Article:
Three houseplants to ‘avoid’ keeping in bathrooms – ‘kills the plant’

Gardeners' World: How to care for houseplants

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While there are a large number of houseplants that will benefit from being kept in bathrooms, indoor plant experts at BackyardBoss shared that there are three that should be kept away from this room. Sarah Empey at BackyardBoss said: “Houseplants are usually a great addition to a bathroom. They can clean the air, add greenery, and create a relaxing space. However, not all plants love humidity. You might enjoy a long steamy shower, but that doesn’t mean all your plants do! In fact, the humidity in bathrooms can harm some plants.”

Plant expert at Bloom and Wild, Kiera Kay recommended: “When choosing plants for your bathroom, look for the type that like to tolerate shade or low/medium light, higher humidity and warm temperatures. Take care to keep the soil on the slightly drier side to counter the humid environment and avoid over-watering.

“If it’s not native to a tropical region it may not survive well in humid conditions. If you’re thinking about plants for the bathroom – cacti and succulents should be toward the bottom of your list.”

Succulents and cacti 

Succulents and cacti, which belong to the succulent family, are two of the most common houseplants that most households will typically own due to them being low maintenance. However, Sarah urged that “it would be best to avoid placing succulents in a bathroom”.

She explained: “Succulents and cacti love dry environments – it’s where they thrive in the wild. Planting them in a moist, humid bathroom is the exact opposite of their natural habitat.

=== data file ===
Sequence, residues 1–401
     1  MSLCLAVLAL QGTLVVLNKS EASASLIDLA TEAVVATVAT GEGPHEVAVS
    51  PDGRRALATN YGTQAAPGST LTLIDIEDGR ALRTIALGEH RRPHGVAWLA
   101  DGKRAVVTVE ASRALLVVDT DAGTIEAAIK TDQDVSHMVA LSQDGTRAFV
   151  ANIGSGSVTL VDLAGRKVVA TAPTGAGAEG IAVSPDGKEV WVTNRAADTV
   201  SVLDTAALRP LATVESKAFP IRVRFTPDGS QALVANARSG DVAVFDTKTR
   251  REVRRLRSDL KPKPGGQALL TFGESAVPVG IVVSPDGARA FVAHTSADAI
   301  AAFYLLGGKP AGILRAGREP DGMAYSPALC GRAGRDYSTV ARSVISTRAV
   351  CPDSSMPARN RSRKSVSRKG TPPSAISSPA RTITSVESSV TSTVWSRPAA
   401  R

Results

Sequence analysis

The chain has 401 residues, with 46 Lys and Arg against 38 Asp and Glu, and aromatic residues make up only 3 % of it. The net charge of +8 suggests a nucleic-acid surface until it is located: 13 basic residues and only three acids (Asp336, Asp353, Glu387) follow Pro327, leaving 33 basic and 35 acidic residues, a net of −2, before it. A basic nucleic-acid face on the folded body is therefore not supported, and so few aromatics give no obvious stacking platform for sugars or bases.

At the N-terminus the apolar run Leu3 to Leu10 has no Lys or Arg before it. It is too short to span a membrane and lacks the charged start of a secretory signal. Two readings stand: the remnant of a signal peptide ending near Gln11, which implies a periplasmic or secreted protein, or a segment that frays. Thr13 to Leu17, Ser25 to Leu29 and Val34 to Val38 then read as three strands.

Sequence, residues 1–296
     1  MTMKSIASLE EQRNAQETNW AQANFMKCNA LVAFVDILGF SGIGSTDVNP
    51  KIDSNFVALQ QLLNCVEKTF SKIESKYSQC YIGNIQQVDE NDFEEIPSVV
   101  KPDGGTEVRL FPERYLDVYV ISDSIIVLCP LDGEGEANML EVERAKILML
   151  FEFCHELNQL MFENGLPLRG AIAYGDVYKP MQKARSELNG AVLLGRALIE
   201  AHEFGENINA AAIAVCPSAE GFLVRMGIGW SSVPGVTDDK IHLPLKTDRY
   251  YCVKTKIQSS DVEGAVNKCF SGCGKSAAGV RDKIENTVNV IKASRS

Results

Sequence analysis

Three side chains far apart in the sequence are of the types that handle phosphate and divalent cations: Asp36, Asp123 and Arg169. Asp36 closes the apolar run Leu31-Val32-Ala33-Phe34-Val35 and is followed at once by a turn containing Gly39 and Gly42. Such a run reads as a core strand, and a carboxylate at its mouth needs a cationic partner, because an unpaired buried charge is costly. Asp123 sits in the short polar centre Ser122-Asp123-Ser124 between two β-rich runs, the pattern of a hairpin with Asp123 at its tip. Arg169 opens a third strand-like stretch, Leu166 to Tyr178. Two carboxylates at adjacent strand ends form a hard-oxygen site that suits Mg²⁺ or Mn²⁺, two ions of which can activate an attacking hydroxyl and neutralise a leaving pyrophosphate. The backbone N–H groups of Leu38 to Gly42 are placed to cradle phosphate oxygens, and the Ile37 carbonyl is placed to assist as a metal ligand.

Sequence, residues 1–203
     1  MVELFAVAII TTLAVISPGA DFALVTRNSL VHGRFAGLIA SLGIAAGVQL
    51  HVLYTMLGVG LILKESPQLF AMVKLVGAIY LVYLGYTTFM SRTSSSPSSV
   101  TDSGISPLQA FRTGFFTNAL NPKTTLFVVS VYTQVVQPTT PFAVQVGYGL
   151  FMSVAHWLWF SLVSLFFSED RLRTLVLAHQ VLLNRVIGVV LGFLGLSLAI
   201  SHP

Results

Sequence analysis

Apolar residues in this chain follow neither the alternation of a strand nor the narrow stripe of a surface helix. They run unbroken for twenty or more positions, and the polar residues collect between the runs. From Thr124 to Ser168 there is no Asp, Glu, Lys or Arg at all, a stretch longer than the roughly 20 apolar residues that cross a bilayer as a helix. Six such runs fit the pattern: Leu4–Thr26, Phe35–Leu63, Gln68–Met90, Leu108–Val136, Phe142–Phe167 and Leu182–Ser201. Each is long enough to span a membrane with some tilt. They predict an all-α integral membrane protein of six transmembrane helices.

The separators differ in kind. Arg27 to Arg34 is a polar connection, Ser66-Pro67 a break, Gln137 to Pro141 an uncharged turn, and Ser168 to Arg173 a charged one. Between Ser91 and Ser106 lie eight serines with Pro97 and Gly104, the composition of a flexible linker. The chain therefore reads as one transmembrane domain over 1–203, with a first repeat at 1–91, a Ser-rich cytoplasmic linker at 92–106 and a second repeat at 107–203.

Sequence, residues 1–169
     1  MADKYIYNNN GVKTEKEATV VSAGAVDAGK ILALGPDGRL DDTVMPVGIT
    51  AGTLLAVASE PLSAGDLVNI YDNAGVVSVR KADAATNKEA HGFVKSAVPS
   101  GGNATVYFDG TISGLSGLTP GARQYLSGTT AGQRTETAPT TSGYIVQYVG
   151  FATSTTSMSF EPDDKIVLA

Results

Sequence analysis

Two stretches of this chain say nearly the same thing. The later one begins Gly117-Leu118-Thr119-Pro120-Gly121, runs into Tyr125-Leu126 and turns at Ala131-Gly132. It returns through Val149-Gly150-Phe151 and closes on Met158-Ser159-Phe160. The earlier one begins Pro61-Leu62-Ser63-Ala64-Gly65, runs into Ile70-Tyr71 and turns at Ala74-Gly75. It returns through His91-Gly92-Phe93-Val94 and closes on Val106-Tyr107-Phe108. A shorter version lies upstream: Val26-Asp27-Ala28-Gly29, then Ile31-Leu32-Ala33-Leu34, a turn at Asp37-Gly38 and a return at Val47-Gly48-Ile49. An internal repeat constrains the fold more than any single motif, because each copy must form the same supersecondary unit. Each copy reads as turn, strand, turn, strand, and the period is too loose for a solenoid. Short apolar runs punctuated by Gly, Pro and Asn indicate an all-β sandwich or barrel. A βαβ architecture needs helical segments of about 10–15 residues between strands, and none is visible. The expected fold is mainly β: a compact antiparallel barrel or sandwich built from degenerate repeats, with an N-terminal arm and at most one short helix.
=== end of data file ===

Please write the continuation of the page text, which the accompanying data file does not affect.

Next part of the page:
“The humidity from steamy showers can damage leaves. Water in the soil will also evaporate more slowly in a damp bathroom. This can make the roots soggy and even kill the plant.”

A few examples of succulents and cacti to avoid in bathrooms include snake plants, jade plants, aloe vera, hens and chicks, bunny ears cacti, and prickly pear cacti. 

Ponytail palm

Just like succulents and cacti, ponytail palms are fans of dry conditions, as they are “desert-loving” plants. They can be found growing out in arid regions like eastern Mexico.

These plants are a beautiful addition to any home. They grow about four feet tall indoors and are such low-maintenance.

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While these houseplants won’t mind if a home gets dry in winter, the expert warned that “they will protest” if they are placed in a humid bathroom. 

She explained: “When ponytail palms get too much water, their roots will rot. If you catch this early enough, stop watering, and relocate the plant, it can sometimes heal itself. However, it’s much better to place the plant in a dry environment in the first place.”

Another reason to skip planting a ponytail palm in your bathroom is the warmth. In winter, these plants need cooler temperatures. 

They prefer areas that are about 10 to 12 degrees. With regular hot showers and baths running, a bathroom can quickly get too wet for this houseplant.

African violets

African violets are small and popular houseplants that need a little extra care to survive but will reward you with vibrant purple, blue, or white flowers.

According to Sarah, the high humidity of a bathroom can rot leaves. Even getting water on the foliage can leave small fungal spots where the leaf has died. 

She advised: “It is best to water these plants from the bottom or with a watering can that has a long spout. This way you can tuck it under the leaves to avoid damage.

“With all the splashing about of a shower or bath, water droplets in the bathroom can easily harm an African violet.”

Its soil also needs time to dry out. One of the most common issues with African violets is their soft stems which are susceptible to overwatering.

Where to place these three houseplants instead

According to the expert, living rooms, bedrooms, and home offices are “excellent” rooms for these three plants. She explained: “These spaces are usually drier, which is what succulents, cacti, ponytail palms, and African violets like best.”

As well as the bathroom, these houseplants should also be kept away from kitchens. Kitchens, like bathrooms, can get hot and humid with everyday cooking.

Succulents and cacti do well on windowsills as they enjoy the sun. Place ponytail palms and African violets away from windows, so they don’t get scorched; These two plants prefer indirect light. 

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